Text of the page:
He wasn't overly clever. Nor did he make any comments that'll end up on opposing bulletin boards. But Roethlisberger was thoughtful and relaxed, even funny.
"Mario Lemieux told me I finally look like a hockey player," was how he started the mini-conference.
Gone was any of the combativeness that's marked sessions in previous years. Gone, too, were the cliche-riddled remarks that had merely bided time. Also missing was any of the robotic insincerity that had been necessary earlier this year due to Roger Goodell's behavior modification program.
No, this was a different Roethlisberger. He even relayed the Sunday night conversation he had with referee Terry McAulay as Roethlisberger trotted out for the start of the Steelers' second offensive series, the one after Haloti Ngata had broken his nose.
"I just asked him if he saw the blood," Roethlisberger said. "I'm not one who cusses at the refs or anything, so I just asked him if he saw the blood from my head. His response was, ‘He was just trying to tackle you.' I just let it go from that."
While Roethlisberger could relax Wednesday in the locker room, he wasn't foolish enough to take any of the reporters' bait in the follow-up questions.
Q: Isn't it a penalty to punch someone in the nose during a play?
No response, only a chuckle.
Q: Is that what Terrell Suggs was doing, too, when he hit your helmet?
Roethlisberger laughed a bit louder, but still didn't respond.
One reporter – so impressed with Roethlisberger's showing against the Baltimore Ravens – put together a string of injuries with which the quarterback has dealt, and asked Roethlisberger how he can play so well under such conditions.
"I guess I'm soft or something," Roethlisberger said in a direct jab at Terrell Owens.
He'd called Roethlisberger "soft" a few weeks ago on some kind of TV show starring the Cincinnati Bengals' wide receiver. The Steelers, of course, play the Bengals this week and Roethlisberger's obviously ready.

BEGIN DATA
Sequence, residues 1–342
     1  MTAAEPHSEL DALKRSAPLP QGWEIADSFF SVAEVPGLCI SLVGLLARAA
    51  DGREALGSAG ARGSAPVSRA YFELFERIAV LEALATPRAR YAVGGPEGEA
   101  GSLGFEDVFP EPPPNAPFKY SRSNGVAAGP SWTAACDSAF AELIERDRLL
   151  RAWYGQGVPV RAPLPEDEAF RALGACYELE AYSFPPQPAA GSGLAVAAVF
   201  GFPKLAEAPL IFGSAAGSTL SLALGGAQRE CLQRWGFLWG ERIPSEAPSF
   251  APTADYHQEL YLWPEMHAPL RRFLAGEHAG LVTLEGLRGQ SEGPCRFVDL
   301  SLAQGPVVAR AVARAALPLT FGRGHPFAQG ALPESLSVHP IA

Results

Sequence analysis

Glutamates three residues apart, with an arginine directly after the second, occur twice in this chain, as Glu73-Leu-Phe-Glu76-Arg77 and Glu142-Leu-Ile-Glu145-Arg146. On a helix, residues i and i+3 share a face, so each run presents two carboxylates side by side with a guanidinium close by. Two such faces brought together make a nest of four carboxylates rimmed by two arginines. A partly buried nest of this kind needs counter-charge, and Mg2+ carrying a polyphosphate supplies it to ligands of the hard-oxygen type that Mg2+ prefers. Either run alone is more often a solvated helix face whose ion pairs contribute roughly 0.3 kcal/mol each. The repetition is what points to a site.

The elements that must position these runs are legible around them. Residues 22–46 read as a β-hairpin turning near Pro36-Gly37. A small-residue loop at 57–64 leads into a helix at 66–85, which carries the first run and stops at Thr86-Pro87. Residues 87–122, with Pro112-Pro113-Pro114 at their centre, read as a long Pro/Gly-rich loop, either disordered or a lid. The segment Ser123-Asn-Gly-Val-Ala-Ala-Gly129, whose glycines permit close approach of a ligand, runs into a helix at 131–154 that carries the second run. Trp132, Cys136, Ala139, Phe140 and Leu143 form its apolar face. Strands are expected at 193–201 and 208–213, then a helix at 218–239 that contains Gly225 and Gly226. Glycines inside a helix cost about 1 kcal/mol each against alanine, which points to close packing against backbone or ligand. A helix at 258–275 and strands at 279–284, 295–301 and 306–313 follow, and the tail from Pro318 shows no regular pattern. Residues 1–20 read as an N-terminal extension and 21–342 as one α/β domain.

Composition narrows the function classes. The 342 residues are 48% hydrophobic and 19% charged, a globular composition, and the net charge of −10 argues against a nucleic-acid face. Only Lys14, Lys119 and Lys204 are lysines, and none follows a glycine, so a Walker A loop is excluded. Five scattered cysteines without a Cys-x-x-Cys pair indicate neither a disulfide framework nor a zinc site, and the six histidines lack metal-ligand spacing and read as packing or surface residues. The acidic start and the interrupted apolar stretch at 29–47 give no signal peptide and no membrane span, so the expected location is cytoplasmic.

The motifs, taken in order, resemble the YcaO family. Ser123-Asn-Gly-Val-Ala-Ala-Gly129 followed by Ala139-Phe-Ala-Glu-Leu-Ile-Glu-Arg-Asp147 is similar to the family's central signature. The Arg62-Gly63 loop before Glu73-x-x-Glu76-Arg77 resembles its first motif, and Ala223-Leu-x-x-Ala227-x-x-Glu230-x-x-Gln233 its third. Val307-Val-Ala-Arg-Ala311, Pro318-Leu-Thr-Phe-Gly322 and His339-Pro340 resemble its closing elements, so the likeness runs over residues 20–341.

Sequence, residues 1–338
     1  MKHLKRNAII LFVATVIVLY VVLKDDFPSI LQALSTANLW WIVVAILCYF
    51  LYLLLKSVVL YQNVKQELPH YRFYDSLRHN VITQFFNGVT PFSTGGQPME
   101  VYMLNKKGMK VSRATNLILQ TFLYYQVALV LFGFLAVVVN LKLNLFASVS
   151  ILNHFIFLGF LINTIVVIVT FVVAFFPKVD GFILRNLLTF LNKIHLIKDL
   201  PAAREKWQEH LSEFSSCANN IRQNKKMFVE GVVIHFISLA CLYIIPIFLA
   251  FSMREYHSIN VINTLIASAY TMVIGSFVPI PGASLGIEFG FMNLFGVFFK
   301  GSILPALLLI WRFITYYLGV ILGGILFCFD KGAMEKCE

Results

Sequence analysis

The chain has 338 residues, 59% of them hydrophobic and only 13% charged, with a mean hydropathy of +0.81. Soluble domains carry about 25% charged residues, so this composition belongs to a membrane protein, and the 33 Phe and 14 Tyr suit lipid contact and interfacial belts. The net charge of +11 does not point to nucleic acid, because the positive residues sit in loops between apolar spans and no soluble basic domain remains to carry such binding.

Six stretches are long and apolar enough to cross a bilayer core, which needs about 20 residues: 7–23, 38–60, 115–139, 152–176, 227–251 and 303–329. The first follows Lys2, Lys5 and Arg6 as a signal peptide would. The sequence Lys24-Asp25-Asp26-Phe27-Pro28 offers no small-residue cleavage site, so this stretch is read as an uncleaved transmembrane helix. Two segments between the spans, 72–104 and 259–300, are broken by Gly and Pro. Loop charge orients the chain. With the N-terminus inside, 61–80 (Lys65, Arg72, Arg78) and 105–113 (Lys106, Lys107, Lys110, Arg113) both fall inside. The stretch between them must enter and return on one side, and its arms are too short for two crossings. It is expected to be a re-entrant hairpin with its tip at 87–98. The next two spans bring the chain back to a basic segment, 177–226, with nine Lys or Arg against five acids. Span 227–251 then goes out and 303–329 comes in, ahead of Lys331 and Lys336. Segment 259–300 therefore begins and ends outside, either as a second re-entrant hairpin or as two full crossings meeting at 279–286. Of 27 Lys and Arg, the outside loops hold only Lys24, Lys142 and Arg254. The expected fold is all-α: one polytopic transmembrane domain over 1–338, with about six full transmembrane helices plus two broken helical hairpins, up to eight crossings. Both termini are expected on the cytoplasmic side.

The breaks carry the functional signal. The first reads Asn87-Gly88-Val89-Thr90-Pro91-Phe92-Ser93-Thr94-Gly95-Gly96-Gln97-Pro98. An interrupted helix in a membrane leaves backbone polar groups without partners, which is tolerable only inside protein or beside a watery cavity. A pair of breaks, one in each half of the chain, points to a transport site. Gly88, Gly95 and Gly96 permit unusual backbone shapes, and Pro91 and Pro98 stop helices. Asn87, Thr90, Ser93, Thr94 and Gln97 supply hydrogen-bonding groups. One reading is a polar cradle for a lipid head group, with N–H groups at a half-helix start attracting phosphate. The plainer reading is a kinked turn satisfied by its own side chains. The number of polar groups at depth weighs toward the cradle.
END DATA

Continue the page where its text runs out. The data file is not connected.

"I'm practicing today, if that tells you anything," he said.
Roethlisberger could've taken Wednesday off along with Troy Polamalu, Hines Ward and Heath Miller, and nobody would've said anything; not with his injuries of late, and certainly not after the way he performed Sunday night against the Ravens.
Roethlisberger led the Steelers to only one touchdown, and that came on a third-down play after the defense handed him the ball at the Baltimore 9. And even that score might not have happened had the proper player been in the game.
Mewelde Moore was supposed to line up in the left slot and become the "hot" receiver on that blitz by the Ravens. But Moore would've certainly had a more difficult time breaking the tackles that his accidental replacement, the bigger Isaac Redman, had broken in taking the ball in for the touchdown.
Roethlisberger contributed more than just the pass to that play.
"Throughout the year it's been kind of Mewelde's play. He's a third-down guy and he's a big-time hot guy," Roethlisberger said. "When I saw [Redman] in there, not that I was shocked, but I just had to make sure he knew what his rules were on that, and if we got a cover-zero look, which we got, that he had to break right away. If you look early enough I'm telling him, ‘Hey, be ready. Be ready.' He did a great job. He caught it and the rest was him."
So, Roethlisberger had some luck riding with him on his only touchdown pass, but his words were the right words at the right time. He displayed that veteran savvy at other key points in the game, like on the fourth-and-1 play that drew the Ravens offside and kept a field-goal drive alive.
Why was Roethlisberger hurrying his offense at that particular point?
"I was trying to draw them offside," he said.
Whose call was it?
"Mine. I waved the punt team off. Pulled a Peyton Manning."
And how better to define Roethlisberger's savvy than his ability to once again keep the so-called greatest free safety in football history, Ed Reed, off the stat sheet.
In his ninth career game against Roethlisberger, Reed didn't break up a single pass. In those nine games, Reed has only one interception and two other pass break-ups. Roethlisberger has made the future Hall of Famer a virtual non-factor in the biggest games every season.
"I know where he's at," Roethlisberger explained. "People might sit there and say he's a non-factor, but that's probably because I didn't give him a chance to be one. There were a couple times I was going to chuck one deep, but I saw him and decided not to, or went away from him. So, he's a factor without being a factor, if that makes any sense."
Speaking of making sense, how does an incompletion become one of the biggest plays of a game?
Well, when the quarterback is athletic enough to fend off one of the best pass-rushers in the world, and savvy enough to leave the tackle box and throw the ball away. One reporter called it "the incompletion of the year."
"I wish I could've completed it," Roethlisberger said. "Suggs is a great player. I think I was lucky he was trying to get the ball at first, and then he tried to go for my head. My long arms kept him away and I got the ball off."
It allowed Roethlisberger a chance to go back to the 9-yard line and, two snaps later, throw the game-winning pass.
Did Roethlisberger get any credit in the film room the next day?
"We didn't watch any of it," he said. "We came in today and focused, really, on the Bengals."
A bit of a stretch perhaps, but the point was made, among many others.